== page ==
MEL – Monitoring Evaluation and Learning or MEAL - Monitoring Evaluation Accountability and Learning systems rarely include cross cutting issues such as gender and leave-no-one behind principles. How can we develop effective and inclusive systems and what are the constraints in doing so?
- As an evaluator, several times I got a task to perform a review of the Theory of Change / Intervention logic. I was wondering if you have some experiences to share in this respect.
- Evaluating the quality of science, technology and innovation requires appropriate criteria and methodologies: what do you think are the challenges, the methods and indicators that could work?
- What is your experience and opinion on the use of evidence from monitoring and from evaluation by decision-makers?
- You are invited to share your view on the importance of neutrality, impartiality and independence of the evaluator.
- You are invited to share experiences and ideas on how to integrate environmental and social considerations in evaluation and what are the challenges in doing so.
- This discussion invites you to share methods, approaches, tools, and techniques that can be used to develop and present findings in ways that are useful for the intended users of the evaluation, and support them to make use of them.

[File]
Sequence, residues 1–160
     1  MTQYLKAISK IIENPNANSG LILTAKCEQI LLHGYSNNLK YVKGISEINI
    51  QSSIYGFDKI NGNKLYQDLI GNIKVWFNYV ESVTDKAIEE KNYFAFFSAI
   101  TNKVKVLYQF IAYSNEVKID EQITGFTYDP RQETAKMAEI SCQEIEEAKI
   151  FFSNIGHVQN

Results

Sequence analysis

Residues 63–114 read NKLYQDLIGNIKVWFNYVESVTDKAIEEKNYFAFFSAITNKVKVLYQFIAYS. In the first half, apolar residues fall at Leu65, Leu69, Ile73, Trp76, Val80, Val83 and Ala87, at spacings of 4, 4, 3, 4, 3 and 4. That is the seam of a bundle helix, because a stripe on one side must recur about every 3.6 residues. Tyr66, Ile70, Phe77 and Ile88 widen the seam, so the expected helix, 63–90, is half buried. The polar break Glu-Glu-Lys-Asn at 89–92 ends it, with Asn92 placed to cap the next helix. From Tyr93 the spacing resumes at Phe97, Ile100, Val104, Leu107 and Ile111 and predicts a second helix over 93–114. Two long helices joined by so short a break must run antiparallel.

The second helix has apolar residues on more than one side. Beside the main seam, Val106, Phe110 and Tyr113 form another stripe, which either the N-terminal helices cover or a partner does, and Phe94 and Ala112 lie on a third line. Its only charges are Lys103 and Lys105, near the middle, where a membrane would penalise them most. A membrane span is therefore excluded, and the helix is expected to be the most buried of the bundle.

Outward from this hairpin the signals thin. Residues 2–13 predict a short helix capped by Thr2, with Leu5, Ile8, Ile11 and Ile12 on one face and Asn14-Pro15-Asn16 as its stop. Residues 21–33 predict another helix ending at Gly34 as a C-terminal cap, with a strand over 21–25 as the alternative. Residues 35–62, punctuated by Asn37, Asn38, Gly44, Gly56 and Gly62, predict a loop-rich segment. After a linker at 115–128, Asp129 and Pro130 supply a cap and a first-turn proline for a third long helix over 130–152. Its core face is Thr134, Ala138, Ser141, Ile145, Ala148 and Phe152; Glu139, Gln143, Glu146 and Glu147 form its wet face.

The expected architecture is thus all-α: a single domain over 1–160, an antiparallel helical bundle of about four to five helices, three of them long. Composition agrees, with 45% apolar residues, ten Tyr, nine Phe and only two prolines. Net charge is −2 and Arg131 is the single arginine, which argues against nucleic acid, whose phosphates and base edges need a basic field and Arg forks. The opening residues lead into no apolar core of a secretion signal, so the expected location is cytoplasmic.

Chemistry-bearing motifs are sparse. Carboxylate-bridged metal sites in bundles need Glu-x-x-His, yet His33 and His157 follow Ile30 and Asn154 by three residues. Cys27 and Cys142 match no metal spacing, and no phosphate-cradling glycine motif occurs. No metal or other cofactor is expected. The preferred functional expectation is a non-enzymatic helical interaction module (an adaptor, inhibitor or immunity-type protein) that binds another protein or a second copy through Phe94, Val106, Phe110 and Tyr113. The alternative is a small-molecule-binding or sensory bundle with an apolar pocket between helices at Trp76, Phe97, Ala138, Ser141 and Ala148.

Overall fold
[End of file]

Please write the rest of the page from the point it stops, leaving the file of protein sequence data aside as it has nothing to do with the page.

- This discussion invites to share experiences and good practices in reducing the burden of M&E activities on farmers on the one hand and on ways to ensure that results are useful and meaningful.
- With the Covid pandemic, more of the evaluation load has shifted to local specialists. What is the experience and what are the success stories from this change?
Can we use an evidence-based, evolving Theory of Change to achieve "local learning” during project design?Theories of Change may articulate step-by-step action plans and measurable indicators of success, but those plans are based on assumptions, rather than evidence about what is locally doable and worth doing.
- Lack of external coherence in agriculture projects can cause antagonism among interventions or implementation strategies and annihilate the results and progress achieved. This often leads to strategic behaviour (bias) on the part of beneficiaries.